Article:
Day One: Calgary to Regina

No turning back now!

Crime pays!  Within 15 minutes of thumbing it right on the Trans-Canada, I saw a small red car zip across two lanes of traffic and slow.  Honestly, I thought he was breaking down but…NO!

Success!  I ran towards the car…first time I ran with my pack.  Another thing I should have gotten used to.  I walked with the pack on several times but didn’t factor in running after cars.

Where you headed?   Anywhere East!  I can get you as far as Medicine Hat.  Thats 278km.

James is an welder in the tar sands of Alberta and often picks up hitchhikers.  Mostly to hear their stories.  He loved the fact that I am hitchhiking for pleasure and was thrilled to be my first ride.  I was so excited that the journey had begun that I, unfortunately, completely forgot to take any pictures or video.  So James, if you ever find this, please send me a photo and GOOD LUCK WITH THE BABY!

Amazingly, James bought me coffee.  I really wanted to pay but he told me that HE WAS SO GRATEFUL for the company that it was “the least he could do.”  I guess that drive back and forth to the ‘Hat can get pretty boring.

He dropped me at a place along the highway called Trukkers.  Sounds promising to a hitchhiker, right?  I went in the store and bought a couple of thing (new pair of gloves, trail mix then strolled into the restaurant.  Truck stop fare is usually excellent.  Large portions and, while hardly ever exotic, usually delicious.  That is a big USUALLY…because then there is this meal…

what the hell is it!?!?!

It is called the “Trukker’s Scramble” and I’m not sure if it is made with real trucker meat. It sounded delicious when I ordered it but honestly I would have rather ate the paper the menu was printed on.  Anywhere else, I would have sent it back but waitresses at truck stops can sometimes be the reference you need to get a ride.  Kicking up a stink over a $10 food item might be the difference between catching a lift or waiting it out.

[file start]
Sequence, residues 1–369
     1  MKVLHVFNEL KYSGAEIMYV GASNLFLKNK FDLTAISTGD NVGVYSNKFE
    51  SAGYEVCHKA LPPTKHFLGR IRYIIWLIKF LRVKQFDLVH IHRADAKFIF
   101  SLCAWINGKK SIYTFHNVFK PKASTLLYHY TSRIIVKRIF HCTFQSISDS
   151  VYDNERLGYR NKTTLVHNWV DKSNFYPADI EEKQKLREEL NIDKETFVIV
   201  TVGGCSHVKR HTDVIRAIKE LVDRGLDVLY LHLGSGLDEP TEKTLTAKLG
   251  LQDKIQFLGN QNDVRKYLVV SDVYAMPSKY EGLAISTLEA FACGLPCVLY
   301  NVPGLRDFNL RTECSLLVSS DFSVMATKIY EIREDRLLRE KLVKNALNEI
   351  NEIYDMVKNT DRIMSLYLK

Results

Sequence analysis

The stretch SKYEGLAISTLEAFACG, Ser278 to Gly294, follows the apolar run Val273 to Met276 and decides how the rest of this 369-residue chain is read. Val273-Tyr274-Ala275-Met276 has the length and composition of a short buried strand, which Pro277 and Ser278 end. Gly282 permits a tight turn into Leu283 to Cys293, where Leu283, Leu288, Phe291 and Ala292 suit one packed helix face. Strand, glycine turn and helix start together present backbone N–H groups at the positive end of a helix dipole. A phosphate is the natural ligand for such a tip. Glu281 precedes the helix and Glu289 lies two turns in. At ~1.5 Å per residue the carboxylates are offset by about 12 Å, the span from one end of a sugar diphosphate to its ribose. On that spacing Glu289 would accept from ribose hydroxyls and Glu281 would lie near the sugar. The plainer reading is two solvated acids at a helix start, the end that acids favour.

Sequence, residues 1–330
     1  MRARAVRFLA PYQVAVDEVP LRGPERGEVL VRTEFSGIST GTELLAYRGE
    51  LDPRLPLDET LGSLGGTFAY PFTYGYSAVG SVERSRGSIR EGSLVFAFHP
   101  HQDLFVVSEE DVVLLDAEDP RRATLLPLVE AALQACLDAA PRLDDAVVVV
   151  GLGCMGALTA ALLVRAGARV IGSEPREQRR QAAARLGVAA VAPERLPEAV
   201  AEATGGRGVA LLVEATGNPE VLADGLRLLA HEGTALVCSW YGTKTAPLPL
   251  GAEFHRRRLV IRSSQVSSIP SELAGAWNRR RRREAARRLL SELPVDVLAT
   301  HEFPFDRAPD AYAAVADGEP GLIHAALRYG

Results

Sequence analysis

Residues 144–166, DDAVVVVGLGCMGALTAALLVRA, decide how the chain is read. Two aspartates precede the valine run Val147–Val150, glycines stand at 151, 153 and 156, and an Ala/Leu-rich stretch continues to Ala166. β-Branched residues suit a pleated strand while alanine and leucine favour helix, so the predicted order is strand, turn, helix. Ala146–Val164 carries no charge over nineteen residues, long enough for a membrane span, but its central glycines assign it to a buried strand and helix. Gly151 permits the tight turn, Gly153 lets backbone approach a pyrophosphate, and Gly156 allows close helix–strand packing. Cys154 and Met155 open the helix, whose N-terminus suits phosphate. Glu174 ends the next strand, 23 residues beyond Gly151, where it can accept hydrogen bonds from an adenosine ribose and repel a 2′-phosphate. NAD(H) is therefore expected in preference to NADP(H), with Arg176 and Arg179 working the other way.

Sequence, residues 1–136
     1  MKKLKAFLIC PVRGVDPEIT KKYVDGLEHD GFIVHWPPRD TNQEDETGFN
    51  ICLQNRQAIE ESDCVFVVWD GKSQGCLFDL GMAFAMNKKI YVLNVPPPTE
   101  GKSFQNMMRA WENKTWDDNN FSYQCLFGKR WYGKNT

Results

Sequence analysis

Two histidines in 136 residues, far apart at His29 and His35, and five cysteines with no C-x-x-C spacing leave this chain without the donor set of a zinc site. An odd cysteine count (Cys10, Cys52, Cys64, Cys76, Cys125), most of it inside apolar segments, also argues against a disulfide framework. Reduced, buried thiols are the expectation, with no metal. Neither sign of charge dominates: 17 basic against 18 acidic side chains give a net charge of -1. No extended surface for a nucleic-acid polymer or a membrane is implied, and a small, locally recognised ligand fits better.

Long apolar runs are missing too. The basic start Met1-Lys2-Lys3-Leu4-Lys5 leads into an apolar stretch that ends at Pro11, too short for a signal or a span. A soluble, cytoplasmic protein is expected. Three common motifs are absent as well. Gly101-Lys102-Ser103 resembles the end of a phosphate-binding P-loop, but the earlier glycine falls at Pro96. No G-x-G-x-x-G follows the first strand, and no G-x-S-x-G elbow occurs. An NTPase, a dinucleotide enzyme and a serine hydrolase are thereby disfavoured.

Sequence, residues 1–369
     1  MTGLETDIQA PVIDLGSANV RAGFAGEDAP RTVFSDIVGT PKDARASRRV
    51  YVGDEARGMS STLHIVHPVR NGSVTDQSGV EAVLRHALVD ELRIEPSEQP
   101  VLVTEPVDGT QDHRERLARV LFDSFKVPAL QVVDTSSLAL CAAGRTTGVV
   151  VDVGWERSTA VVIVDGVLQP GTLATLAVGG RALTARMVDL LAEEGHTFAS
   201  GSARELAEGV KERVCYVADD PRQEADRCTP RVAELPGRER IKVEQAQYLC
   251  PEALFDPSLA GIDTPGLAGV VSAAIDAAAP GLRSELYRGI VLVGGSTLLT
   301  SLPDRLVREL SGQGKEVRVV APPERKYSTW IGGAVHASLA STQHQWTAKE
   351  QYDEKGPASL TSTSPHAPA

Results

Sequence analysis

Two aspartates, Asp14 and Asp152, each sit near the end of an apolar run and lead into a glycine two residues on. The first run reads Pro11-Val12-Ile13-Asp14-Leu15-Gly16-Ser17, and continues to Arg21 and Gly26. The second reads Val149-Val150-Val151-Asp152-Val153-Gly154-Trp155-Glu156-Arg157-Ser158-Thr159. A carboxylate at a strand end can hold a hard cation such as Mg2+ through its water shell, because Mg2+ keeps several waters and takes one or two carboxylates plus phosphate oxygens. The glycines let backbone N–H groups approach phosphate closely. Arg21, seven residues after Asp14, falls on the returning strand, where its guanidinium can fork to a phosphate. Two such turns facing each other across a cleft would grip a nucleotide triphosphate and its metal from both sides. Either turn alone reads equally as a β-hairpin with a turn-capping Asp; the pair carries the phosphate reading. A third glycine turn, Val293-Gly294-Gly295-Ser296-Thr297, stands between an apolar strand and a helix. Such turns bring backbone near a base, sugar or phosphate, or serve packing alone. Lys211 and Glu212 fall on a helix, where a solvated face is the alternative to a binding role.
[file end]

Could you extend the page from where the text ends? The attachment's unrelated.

Pack on, I walked back out to the road.  The wind picked up even worse within the 2 minutes I was on the road.


After only a handful of cars passed by, an 18 Wheeler made a right out of the truck stop and started to pull forward.  One of my unwritten rules of the road is when trucks are trying to get onto a freeway, back way off.  Truckers are extremely safety conscience and you want them to know that you’re respectful of their space.  And the shoulder is there space.  They need that area to safely get up to speed or pull over in case of emergency.  When I see one pulling, I usually like to back off a couple of steps just so they are aware that I’m acknowledging they are coming toward me and they don’t have to be concerned that I’ll accidentally wander in front of them or worse, decide life on the road isn’t for me and throw myself in front of it.

As the big red truck inched forward, making no attempt to merge, I didn’t realize he was stopping for me unless his hazard lights started blinking.  The passenger door stops directly in front of me (NO RUNNING!), the door swings open and I am face to face with Crackles, my driver’s black cat.

“Oh, he likes you!  If he didn’t he wouldn’t let you into the cab. Where you headed?”, he asks.  “East,” I answer. “Well, I can get you as far as Regina, if that helps.”  

I climb up and soon we are chugging down the TCH, 7000 pounds of frozen beef behind us.  My driver is an old hitchhiker himself and has been trucking for 30 years.  He is pleasant as can be despite complaints of a hemorrhaged disc in his lower back that confined him to the bathtub for two days until his son could help him get out.  He loves driving, reggae music and Crackles, his cat whom he calls his co-pilot.

“Turn left! There is a fish store in the next town!”